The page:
Economic uncertainty driving exam stress

24 Sep 2018

Two thirds of young people are now experiencing worrying levels of exam stress, with growing concerns about getting a job and the future driving it, frontline youth service ReachOut has found.

ReachOut’s research, a nationally-representative survey of 1000 Australian young people aged between 14 and 25, showed an increase in young people experiencing worrying levels of exam stress, which had increased from 51.2 per cent in 2017 to 65.1 per cent in 2018.

New rising sources of this stress included: the future generally (2017: 37.1 per cent vs 2018: 42.8 per cent); and getting a job (2017: 29.6 per cent vs 2018: 38.2 per cent). Traditional exam pressures such as parents, schools and access to university courses decreased over the same period. Pressure from self was another increasing source of exam stress (2017: 64.9 per cent vs 2018: 69.1 per cent).

Launching the ReachOut@ExamTime campaign, which provides support for young people and parents coping with exam stress, ReachOut CEO Ashley de Silva said economic uncertainty was on the rise as a contributing factor to exam stress.

“Exam stress amongst young people continues to grow at worrying levels, yet we are seeing the source of that pressure changing,” Mr de Silva said.

“With a growing number of young people worried about the future, this is likely linked to economic uncertainty, including job prospects and housing affordability.

“ReachOut is on the frontline each year providing support to young people with exam stress, including resources on stress about the future. With the research showing that the number of students seeking help online for exam stress has almost tripled, is a great place to start,” he said.

Mr de Silva said it was not all bad news, with the number of young people seeking help for exam stress increasing from 21.5 per cent to 28.2 per cent last year. In particular, those who sought help from a mental health or medical professional doubled from 15.5 per cent to 30.5 per cent in the past 12 months.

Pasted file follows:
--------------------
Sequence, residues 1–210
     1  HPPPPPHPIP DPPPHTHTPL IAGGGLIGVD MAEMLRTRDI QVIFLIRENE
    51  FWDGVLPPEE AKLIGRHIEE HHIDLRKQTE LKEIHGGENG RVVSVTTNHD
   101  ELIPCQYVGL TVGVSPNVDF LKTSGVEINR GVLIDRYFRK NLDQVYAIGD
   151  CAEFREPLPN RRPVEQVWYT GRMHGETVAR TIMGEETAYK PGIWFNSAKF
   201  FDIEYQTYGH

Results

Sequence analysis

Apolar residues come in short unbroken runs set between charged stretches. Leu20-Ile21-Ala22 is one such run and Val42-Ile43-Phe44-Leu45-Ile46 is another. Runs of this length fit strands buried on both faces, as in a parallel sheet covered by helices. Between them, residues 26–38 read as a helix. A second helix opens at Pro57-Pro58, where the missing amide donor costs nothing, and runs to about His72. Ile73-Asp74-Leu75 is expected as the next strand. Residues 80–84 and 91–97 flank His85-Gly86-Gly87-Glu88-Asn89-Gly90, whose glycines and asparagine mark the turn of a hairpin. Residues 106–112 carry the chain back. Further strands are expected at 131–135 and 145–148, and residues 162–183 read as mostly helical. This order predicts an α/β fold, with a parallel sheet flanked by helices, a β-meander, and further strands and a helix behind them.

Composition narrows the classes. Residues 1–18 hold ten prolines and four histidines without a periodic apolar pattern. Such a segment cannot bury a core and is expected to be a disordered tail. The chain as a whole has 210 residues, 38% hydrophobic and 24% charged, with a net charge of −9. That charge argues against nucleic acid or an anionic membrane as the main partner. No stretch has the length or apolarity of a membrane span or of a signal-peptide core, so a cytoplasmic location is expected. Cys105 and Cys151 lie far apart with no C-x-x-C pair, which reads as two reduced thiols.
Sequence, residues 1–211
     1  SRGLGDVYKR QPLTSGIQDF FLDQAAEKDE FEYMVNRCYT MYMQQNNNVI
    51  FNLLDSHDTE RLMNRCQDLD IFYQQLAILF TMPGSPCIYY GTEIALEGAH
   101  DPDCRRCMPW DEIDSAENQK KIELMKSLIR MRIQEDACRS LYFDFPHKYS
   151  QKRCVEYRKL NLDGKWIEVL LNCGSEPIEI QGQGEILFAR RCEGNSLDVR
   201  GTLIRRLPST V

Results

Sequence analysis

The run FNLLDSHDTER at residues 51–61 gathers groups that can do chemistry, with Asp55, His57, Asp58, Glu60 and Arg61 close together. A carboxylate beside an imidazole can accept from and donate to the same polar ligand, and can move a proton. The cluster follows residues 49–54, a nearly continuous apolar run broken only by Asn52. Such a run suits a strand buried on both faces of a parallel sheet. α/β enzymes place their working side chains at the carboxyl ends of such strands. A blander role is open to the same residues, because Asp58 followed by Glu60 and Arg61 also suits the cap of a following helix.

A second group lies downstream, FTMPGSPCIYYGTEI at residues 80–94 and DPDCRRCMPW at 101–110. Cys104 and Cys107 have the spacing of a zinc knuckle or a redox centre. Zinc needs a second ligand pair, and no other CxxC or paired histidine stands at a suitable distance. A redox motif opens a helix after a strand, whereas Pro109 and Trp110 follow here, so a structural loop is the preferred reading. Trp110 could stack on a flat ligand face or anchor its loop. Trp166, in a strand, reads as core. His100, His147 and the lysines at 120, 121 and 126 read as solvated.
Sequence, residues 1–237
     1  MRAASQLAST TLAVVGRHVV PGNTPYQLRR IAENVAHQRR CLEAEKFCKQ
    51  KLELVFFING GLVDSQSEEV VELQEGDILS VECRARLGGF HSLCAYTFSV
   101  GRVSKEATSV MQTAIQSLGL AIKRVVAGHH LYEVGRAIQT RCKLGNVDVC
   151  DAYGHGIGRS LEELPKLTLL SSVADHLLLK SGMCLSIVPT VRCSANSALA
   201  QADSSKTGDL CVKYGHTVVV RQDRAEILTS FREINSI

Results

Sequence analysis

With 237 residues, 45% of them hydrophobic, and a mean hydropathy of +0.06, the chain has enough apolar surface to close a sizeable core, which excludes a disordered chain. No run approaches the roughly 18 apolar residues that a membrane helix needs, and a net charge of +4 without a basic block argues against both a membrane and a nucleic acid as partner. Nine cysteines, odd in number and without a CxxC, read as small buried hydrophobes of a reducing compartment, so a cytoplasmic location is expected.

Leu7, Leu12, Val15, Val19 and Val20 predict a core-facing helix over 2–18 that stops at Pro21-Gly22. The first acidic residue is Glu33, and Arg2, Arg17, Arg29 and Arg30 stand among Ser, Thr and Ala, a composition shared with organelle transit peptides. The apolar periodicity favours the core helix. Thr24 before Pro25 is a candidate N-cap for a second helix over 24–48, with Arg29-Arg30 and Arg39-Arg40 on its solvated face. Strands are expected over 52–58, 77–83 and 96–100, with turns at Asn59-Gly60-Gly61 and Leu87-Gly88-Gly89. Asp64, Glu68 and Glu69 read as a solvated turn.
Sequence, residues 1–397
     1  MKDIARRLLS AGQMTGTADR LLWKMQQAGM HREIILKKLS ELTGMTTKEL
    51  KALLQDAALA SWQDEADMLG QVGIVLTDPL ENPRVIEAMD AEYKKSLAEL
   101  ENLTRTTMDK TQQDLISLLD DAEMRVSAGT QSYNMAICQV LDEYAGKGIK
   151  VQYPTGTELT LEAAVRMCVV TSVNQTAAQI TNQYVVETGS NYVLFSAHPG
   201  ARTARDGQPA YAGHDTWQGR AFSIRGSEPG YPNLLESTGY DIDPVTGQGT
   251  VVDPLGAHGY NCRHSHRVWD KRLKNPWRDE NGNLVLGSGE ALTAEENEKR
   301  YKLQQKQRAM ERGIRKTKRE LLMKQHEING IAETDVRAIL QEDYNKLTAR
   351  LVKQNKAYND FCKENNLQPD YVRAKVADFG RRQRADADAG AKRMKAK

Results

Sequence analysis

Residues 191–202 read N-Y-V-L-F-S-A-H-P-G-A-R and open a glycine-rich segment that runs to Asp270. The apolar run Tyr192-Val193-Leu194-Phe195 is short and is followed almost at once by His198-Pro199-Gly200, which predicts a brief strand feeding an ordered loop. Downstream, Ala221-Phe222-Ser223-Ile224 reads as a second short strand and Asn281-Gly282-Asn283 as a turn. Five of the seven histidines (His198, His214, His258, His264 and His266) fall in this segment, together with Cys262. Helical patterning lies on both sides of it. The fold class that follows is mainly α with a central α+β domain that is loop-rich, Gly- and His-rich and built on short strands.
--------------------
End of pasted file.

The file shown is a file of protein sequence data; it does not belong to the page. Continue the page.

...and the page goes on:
“The best thing young people stressed about exams can do is to get help and get help early. It’s also important to look for ways to manage stress, including taking breaks, regular exercise and spending time with friends,” Mr de Silva said.

Students can head to to access articles, videos, quizzes and tips to help them cope with exam stress. Click here to go direct to ReachOut’s content about future stress.

Parents can head to ReachOut.cpm/parents for information about how to support their young person when it comes to exam stress.

Tips For Students Worried About the Future

1. Remember there's not just one direct path to your future. It’s a series of choices and a fair bit of trial and error that you can learn from as you go.

2. When you’re feeling overwhelmed about the future, start by asking yourself a few questions. You can start with things like what do I enjoy, what am I good at, what lifestyle appeals to me, do I need to study? You could use the answers to put together a mindmap of all the possible options.

3. Focussing on what’s within your control will increase your confidence. You could organise a chat with someone who has studied an area you’re interested in, attend TAFE or Uni Open Days or set up some work experience to learn more about different roles and industries.

4. Keep the self-talk positive. Remember you’re good enough just as you are now, regardless of what you choose to do with your life.

5. Even when exams are looming, make time for the things that make you feel good. This could be something like catching up with friends, going for a run, or even something really small like listening to your fave new podcast in your study break.

About ReachOut Australia

ReachOut has been changing the way people access help since launching as the world’s first online mental health service nearly 20 years ago. Everything they create is based on the latest evidence and designed with experts, and young people or their parents. This is why ReachOut’s digital self-help tools are trusted, relevant and easy to use.

Available for free anytime and pretty much anywhere, ReachOut is accessed by 132,000 people in Australia every month. That’s more than 1.58 million each year.